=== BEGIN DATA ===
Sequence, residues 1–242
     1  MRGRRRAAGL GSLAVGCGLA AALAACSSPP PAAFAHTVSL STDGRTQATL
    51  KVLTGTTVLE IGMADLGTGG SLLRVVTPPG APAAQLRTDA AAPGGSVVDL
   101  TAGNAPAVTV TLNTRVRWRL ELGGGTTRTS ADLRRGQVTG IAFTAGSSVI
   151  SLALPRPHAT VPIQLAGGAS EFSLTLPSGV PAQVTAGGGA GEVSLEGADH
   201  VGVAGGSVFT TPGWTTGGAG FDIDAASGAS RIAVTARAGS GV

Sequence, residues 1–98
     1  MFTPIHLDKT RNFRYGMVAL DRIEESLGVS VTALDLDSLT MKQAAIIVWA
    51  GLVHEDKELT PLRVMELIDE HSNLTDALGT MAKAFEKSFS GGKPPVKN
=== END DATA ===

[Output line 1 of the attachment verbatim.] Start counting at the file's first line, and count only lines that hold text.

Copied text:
Sequence, residues 1–242